When did you finally feel like you got the hang of grad school?

I realized that I was getting the hang of grad school when I found routines. The structure of my day helped me keep myself focused on school. As a shy person, I was slow at making friends and a lot the time I felt pretty lonely so I really threw myself into school. Every night I was doing homework, reading and working on papers which led to good grades and quick mastery of the material. After realizing that this routine was helping me learn (something I missed the point of in undergrad) I started to become more confident in myself and that led me to branch out. I started to take on more responsibilities working as an assistant for the program director and helping coordinate the community clinic. My master's program was where I really thrived very quickly after a difficult undergrad.

My doc program was a different story. I applied for doc programs while I was in my last semester of my masters and was repeatedly shot down by schools because I was "too young" and "did not have enough experience." This made me really mad and lit a fire under me to get into a program. I was fortunate enough that I did get accepted into an online Ph.D. program that specialized in counselor education with a focus on trauma. Unfortunately, the asynchronous rigors of this program hit me hard and I ultimately ended up burning out. After recovering from my burnout, I transferred to another online school that provided a synchronous classroom and this was when again I started to thrive. One takeaway I will say is that if you know what type of learning style you thrive in making sure you seek that out when looking at grad schools or considering transferring to different programs. I am definitely the type of person who needs face-to-face contact with a strict schedule for studying. I wish I had learned that in my undergrad instead of two years into my Ph.D. but that is just life!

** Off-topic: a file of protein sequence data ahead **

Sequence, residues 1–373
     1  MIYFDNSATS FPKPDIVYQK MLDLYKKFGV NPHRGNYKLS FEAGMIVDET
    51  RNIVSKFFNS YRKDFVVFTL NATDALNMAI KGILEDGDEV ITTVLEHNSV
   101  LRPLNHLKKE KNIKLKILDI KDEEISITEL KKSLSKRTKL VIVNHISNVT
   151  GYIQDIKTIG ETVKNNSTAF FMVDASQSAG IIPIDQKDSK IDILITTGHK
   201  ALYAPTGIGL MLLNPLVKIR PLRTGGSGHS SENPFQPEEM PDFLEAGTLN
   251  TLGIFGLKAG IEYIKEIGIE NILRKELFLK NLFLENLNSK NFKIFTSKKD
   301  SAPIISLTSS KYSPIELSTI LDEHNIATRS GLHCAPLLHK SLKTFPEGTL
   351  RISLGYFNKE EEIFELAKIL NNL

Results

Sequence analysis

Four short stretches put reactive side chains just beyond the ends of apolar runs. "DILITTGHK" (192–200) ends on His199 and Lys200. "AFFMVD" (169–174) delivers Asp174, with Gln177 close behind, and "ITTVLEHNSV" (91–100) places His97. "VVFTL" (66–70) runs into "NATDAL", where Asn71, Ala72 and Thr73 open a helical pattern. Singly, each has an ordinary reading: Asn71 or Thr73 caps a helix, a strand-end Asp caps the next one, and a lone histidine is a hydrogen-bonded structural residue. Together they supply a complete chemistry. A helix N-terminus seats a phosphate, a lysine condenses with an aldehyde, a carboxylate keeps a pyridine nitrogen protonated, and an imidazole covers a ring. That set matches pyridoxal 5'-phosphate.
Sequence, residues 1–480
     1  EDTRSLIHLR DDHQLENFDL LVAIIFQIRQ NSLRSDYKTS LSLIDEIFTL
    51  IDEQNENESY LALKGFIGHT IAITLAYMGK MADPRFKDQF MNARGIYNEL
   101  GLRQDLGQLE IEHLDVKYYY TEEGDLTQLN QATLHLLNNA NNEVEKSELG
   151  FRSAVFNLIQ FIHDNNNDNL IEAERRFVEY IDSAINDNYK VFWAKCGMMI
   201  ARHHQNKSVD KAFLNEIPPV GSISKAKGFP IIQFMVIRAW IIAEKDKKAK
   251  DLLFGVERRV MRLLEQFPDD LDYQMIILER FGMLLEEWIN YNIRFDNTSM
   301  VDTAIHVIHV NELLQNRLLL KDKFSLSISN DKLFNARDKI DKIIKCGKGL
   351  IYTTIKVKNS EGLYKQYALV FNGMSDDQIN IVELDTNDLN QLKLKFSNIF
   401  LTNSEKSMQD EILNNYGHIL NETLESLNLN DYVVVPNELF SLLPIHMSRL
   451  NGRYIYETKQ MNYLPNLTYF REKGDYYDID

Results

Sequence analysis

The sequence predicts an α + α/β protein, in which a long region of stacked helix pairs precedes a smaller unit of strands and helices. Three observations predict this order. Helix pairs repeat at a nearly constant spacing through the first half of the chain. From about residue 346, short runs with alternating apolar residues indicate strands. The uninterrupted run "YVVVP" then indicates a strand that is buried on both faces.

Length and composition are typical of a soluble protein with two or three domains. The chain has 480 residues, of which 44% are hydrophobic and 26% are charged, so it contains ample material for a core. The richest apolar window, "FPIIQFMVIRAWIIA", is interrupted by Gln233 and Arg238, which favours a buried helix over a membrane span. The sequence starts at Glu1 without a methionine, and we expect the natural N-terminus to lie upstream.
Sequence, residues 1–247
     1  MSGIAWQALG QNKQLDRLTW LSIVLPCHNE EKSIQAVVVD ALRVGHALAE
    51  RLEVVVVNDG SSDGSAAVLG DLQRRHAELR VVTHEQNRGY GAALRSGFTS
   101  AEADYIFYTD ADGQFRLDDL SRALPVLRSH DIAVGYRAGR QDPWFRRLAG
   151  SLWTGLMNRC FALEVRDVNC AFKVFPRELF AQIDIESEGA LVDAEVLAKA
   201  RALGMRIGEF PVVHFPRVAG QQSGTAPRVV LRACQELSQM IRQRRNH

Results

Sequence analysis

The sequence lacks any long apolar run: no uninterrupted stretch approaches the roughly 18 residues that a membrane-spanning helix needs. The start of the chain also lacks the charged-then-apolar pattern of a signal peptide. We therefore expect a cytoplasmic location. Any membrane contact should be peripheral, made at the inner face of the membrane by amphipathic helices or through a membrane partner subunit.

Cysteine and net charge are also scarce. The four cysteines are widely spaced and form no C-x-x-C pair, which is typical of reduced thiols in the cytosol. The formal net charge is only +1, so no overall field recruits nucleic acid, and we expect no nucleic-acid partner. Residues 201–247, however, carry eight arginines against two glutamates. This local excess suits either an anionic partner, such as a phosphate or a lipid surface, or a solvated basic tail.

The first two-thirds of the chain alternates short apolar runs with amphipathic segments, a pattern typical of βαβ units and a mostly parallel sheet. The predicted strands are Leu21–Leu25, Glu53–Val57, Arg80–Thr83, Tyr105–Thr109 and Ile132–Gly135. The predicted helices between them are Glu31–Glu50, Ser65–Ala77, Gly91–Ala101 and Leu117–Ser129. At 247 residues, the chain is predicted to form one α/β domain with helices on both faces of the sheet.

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What was your workload like when you were taking classes (coursework)?

The workload in my master's program was very focused on face-to-face clinical skills where the Ph.D. program focused mostly on writing and fine-tuning the academic side of my education.

How did you manage your time? (Readings, papers, presentations, lab work) Example of a daily/weekly schedule.